Canada’s Immigration Minister: ‘We want more international students to stay’

February 16, 2018

Canada’s Minister of Immigration, Refugees and Citizenship, Ahmed Hussen, says the Government of Canada wants international students to become permanent residents in Canada.

Hussen told Parliament’s Standing Committee on Citizenship and Immigration that helping international students stay in Canada is a key facet of Canada’s new multi-year immigration levels plan for 2018-2020.

“Part of our push for multi-year planning is to have more space for international students and other skilled individuals who would like to live in Canada,” Hussen said.

Deputy Immigration Minister Marta Morgan told the committee that there are currently a number of pathways for students to become permanent residents either by applying through the federal Express Entry selection system or by taking advantage of Provincial Nominee Programs, which are designed to meet labour market needs.

Committee member Randeep Sarai, a Liberal Member of Parliament from Surrey, British Columbia, asked Hussen to clarify whether the government’s multi-year immigration levels plan accounted for the prospective increase the number of international students applying for permanent residence.

The minister confirmed that such an increase was factored into the plan’s admission targets for the next three years.

International students an Express Entry priority

The committee also considered the government’s reasons for its November 2016 changes to the Express Entry system’s Comprehensive Ranking System that reduced the number of points it awards for a job offer from 600 to between 50 and 200 points.

At the same time, Immigration, Refugees and Citizenship Canada introduced new points for Canadian study experience.

Level of education Additional CRS points
One- or two-year post-secondary program 15
Post-secondary program of three years or more, or Master’s, Doctoral, or eligible entry-to-practice professional degree 30

One of the reasons offered for these changes was the fact 600 points for a job offer disadvantaged international students despite their typically higher scores in so-called human capital factors like age, education and language proficiency.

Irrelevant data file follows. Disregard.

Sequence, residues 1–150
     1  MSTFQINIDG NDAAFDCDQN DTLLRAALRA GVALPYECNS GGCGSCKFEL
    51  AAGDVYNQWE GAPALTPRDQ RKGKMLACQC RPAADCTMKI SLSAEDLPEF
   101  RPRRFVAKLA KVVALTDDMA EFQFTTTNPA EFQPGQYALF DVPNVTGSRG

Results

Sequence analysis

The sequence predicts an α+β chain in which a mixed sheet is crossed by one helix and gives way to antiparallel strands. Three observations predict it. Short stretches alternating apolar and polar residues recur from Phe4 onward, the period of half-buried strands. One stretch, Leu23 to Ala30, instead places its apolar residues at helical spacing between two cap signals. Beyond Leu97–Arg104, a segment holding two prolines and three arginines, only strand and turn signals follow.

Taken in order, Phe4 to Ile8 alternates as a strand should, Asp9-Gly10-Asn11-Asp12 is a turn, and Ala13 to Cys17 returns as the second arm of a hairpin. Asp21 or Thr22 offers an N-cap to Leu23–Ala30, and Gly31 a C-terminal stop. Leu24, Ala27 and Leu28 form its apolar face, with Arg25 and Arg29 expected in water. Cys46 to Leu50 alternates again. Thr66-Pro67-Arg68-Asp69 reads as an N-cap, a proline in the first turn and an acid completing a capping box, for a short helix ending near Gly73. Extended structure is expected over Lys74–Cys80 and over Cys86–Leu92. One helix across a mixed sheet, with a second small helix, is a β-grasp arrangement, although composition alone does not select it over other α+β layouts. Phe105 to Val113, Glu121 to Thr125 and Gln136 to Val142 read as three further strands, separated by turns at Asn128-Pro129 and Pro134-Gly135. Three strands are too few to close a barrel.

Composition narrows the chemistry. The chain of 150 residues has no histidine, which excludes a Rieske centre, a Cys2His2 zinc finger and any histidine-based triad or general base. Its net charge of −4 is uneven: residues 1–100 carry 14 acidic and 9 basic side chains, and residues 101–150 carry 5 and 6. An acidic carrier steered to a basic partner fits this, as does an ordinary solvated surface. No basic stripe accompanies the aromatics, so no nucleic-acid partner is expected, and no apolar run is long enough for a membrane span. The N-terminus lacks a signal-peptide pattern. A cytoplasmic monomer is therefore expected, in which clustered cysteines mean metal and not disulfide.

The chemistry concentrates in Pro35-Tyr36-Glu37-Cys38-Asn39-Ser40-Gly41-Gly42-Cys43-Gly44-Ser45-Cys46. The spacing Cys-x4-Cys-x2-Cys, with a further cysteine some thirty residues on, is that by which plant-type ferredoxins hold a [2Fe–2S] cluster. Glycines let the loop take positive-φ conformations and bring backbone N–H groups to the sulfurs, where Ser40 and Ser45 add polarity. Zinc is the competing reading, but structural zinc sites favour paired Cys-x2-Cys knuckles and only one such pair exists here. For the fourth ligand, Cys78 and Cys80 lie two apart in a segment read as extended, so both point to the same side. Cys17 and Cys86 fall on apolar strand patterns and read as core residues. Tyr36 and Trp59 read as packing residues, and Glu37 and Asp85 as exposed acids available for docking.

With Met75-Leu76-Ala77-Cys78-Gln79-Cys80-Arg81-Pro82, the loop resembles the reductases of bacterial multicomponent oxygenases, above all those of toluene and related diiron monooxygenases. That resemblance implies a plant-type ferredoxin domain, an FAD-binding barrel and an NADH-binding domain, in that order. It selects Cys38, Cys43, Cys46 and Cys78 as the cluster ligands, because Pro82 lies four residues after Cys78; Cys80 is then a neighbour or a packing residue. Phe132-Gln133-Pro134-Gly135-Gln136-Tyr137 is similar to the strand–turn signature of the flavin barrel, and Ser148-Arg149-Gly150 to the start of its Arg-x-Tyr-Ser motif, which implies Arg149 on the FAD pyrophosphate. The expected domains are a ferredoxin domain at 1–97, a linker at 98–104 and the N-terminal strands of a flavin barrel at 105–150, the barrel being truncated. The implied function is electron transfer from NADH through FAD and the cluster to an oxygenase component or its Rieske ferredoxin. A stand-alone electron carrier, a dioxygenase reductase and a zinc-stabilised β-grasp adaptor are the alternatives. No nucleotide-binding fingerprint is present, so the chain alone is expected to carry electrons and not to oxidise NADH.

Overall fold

A recent IRCC report showed that the change to job offer points is putting greater emphasis on such factors, which it said are “strongly correlated to higher earning potential.”

The study also revealed that the proportion of former international students invited to apply for permanent residence from the Express Entry pool increased by 10 per cent in the first six months after it introduced the additional Canadian study experience points.

Canada’s Immigration Minister: ‘We want more international students to stay’ 2

Note: These numbers represent a small sample of invitations to apply and do not necessarily point to long‐term trends. IRCC will continue to monitor the impact of the reforms in the coming months, February 2017.

Provincial Nominee Programs offer unique international graduate streams

Canada’s provinces also continue to tailor their programs to better serve recent international graduates and help facilitate their pathway to permanent immigration.

In prime study destination provinces, such as Ontario and British Columbia, there are provincial programs that offer unique options for international graduates that do not require a job offer to apply, such as Ontario’s Masters and PhD Graduate Streams and BC’s Express Entry: International Post-Graduate category.

Also, Canada’s Atlantic provinces offer pathways to permanent settlement for international students. The regional Atlantic Immigration Pilot Program, introduced last year, also offers advantages to graduates and employers alike.

As of July 2017, the federal government reported that 600 Atlantic employers had expressed interest in the program.

In its multi-year immigration levels plan, the Canadian government will double the annual allocation for the AIPP every year from 2018 to 2020.

Canadian Citizenship has also been made more accessible to international students through changes that now allow former students to count the time spent in Canada on a temporary visa, such as a study permit.

All evidence points to the Canadian government’s continued support of pathways to permanent immigration for talented and valuable graduates from around the world.

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